“None of our customers will have the same algorithm because each store has its own variables,” Sparks says. Historically stores would have applied the same formula to different locations, giving average results that were workable. However, using AI to detect patterns allows the manager to make more accurate decisions, to predict and fine-tune forecasting for each location based on the qualities that make it unique from others.
None of our customers will have the same algorithm because each store has its own variables.” – Meghan Sparks, Retail consultant for UKG
It’s important to note that forecasting can be more challenging than ever these days, as shoppers’ patterns have fluctuated dramatically during 2020, with increased demand from online shopping and curbside pick-up upending traditional staffing needs.
“You can’t just take your old labor model and expand it across the board,” says Austell. “You have to rethink the way you are allocating your hours and apply new metrics around processes that didn’t previously need them.”
For example, he cites one grocer whose curbside pick-up volume increased from 25 to 150 orders a week, compelling them to incorporate new strategies to staff a side of the business that hadn’t existed at such scale.
As shoppers continue their quest for a contactless experience and recognize the convenience of placing an order for pick-up, these patterns are likely to represent a shift in how grocery stores will operate going forward, becoming one more metric that needs to be addressed.
You can’t just take your old labor model and expand it across the board. You have to rethink the way you are allocating your hours and apply new metrics around processes that didn’t previously need them.” – Chase Austell, Practice manager for UKG in the retail, hospitality, and food services sectors
Improving the forecast translates into better scheduling
More accurate forecasts, achieved through machine learning, allow grocers to optimize labor and get the right person with the right qualifications to the right position at the right time.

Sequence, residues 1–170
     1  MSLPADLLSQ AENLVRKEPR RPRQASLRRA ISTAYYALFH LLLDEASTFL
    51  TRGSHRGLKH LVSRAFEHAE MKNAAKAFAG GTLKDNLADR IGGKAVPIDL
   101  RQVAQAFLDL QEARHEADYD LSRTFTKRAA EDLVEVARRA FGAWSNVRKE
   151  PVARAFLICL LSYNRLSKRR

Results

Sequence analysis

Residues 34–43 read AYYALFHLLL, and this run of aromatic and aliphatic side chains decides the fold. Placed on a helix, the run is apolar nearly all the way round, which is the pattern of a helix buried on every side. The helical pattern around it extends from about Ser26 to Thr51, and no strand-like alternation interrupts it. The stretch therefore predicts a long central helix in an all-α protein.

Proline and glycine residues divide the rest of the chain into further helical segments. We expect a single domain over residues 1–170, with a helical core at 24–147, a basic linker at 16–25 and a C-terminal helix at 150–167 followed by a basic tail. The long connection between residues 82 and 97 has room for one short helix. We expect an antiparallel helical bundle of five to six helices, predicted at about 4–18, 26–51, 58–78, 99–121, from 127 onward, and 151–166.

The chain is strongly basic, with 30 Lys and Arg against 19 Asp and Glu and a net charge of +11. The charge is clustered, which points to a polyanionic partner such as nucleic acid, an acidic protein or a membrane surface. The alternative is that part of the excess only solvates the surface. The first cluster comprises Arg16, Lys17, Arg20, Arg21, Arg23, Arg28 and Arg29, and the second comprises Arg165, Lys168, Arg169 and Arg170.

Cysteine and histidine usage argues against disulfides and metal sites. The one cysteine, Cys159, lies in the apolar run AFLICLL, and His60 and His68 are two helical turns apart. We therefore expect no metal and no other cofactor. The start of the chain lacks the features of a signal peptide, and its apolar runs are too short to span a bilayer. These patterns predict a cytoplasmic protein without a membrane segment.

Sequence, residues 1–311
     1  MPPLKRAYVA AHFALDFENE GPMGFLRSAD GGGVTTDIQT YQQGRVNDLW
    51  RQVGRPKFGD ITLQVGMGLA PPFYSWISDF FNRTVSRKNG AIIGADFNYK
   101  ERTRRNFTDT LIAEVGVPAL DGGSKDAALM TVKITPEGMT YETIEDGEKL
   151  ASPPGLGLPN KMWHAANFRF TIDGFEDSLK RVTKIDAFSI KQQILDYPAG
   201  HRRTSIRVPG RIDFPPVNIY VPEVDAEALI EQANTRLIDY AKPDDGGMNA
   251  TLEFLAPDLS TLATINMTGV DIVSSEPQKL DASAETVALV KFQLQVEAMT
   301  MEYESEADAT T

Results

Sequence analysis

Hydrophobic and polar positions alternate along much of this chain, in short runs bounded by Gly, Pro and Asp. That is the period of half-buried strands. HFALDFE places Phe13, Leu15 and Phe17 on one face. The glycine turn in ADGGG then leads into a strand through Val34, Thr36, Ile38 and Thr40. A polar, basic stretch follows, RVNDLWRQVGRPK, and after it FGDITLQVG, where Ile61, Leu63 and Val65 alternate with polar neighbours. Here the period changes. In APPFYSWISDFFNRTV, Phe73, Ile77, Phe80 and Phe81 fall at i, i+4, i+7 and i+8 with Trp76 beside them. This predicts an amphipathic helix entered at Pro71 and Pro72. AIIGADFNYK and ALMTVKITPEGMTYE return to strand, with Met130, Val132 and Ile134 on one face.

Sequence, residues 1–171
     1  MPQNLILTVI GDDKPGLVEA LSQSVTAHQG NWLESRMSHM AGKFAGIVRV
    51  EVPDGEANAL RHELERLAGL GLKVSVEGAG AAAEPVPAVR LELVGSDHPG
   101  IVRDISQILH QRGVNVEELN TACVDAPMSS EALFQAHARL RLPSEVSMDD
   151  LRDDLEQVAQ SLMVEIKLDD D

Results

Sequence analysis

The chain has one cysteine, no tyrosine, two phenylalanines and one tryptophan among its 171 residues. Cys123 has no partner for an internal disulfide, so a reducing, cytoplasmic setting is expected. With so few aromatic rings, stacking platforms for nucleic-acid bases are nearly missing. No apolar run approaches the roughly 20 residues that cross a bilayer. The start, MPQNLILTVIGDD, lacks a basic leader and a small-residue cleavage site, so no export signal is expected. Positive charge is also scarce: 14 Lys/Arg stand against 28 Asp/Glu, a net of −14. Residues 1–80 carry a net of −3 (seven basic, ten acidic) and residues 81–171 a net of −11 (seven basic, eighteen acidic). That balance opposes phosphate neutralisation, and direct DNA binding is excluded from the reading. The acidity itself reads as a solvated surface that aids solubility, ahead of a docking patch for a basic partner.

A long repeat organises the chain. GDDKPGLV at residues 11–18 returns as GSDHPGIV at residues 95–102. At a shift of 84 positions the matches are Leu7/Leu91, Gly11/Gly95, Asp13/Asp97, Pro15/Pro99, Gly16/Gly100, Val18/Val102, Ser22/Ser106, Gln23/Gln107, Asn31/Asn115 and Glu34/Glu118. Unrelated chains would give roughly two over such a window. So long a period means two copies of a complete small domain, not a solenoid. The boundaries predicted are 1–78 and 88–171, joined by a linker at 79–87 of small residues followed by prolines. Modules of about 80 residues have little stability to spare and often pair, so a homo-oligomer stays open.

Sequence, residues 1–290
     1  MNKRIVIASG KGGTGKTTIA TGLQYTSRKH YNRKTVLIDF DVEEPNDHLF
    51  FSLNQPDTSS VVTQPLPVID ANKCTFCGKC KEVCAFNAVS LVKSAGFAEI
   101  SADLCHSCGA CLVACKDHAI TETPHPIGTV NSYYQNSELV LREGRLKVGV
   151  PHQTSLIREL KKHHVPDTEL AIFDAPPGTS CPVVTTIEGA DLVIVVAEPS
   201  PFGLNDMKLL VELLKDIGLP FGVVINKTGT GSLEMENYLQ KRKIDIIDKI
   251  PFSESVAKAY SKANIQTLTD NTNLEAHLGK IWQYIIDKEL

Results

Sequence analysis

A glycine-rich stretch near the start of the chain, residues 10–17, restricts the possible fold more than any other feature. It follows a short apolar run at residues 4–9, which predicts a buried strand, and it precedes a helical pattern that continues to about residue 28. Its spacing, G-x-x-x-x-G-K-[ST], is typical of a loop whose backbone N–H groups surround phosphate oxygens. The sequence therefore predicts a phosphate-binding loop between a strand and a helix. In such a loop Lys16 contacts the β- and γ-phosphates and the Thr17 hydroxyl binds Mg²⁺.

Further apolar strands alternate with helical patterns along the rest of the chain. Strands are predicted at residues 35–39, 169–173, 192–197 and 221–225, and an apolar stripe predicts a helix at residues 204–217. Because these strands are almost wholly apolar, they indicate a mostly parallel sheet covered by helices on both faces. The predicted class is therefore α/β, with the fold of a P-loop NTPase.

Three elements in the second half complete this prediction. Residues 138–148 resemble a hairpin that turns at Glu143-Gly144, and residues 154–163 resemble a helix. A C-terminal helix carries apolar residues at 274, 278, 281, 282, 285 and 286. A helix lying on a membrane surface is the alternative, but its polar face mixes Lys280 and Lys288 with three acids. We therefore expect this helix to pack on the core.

But Austell finds that scheduling remains a laborious manual effort for many store managers. “They’ll arrive at their numbers by referencing volume during that same time period over the last couple of years and extending it to the current week; then they’ll plug names into a spreadsheet or even handwrite a chart to post on the break room wall.”
However, he sees the tide turning, with increased interest in automating the process. “Grocers are realizing that AI can produce more strategic results, and automation will cut down on the time-consuming task of manually creating a schedule,” he says. That means they can reallocate their time too valuable tasks such as coaching associates or helping customers.
Sparks has seen that using an automated workforce management application can reduce the forecasting task from two days to two hours or from two hours to 15 minutes, depending on the complexity of a grocer’s scheduling.
“With that solid forecast in hand, the manager can create an optimized schedule that takes all complexities and compliance concerns into account, without the risk of human error,” Sparks explains. “The manager can then take the generated schedule and adjust as needed to ensure it covers all the bases.”
This sophisticated method translates into a suitable workforce every hour of the day, which allows grocers to optimize the wages allocated for each shift and increase customer loyalty through better, more efficient shopping experiences.
With that solid forecast in hand, the manager can create an optimized schedule that takes all complexities and compliance concerns into account, without the risk of human error.” – Meghan Sparks, Retail consultant for UKG
AI improves employee satisfaction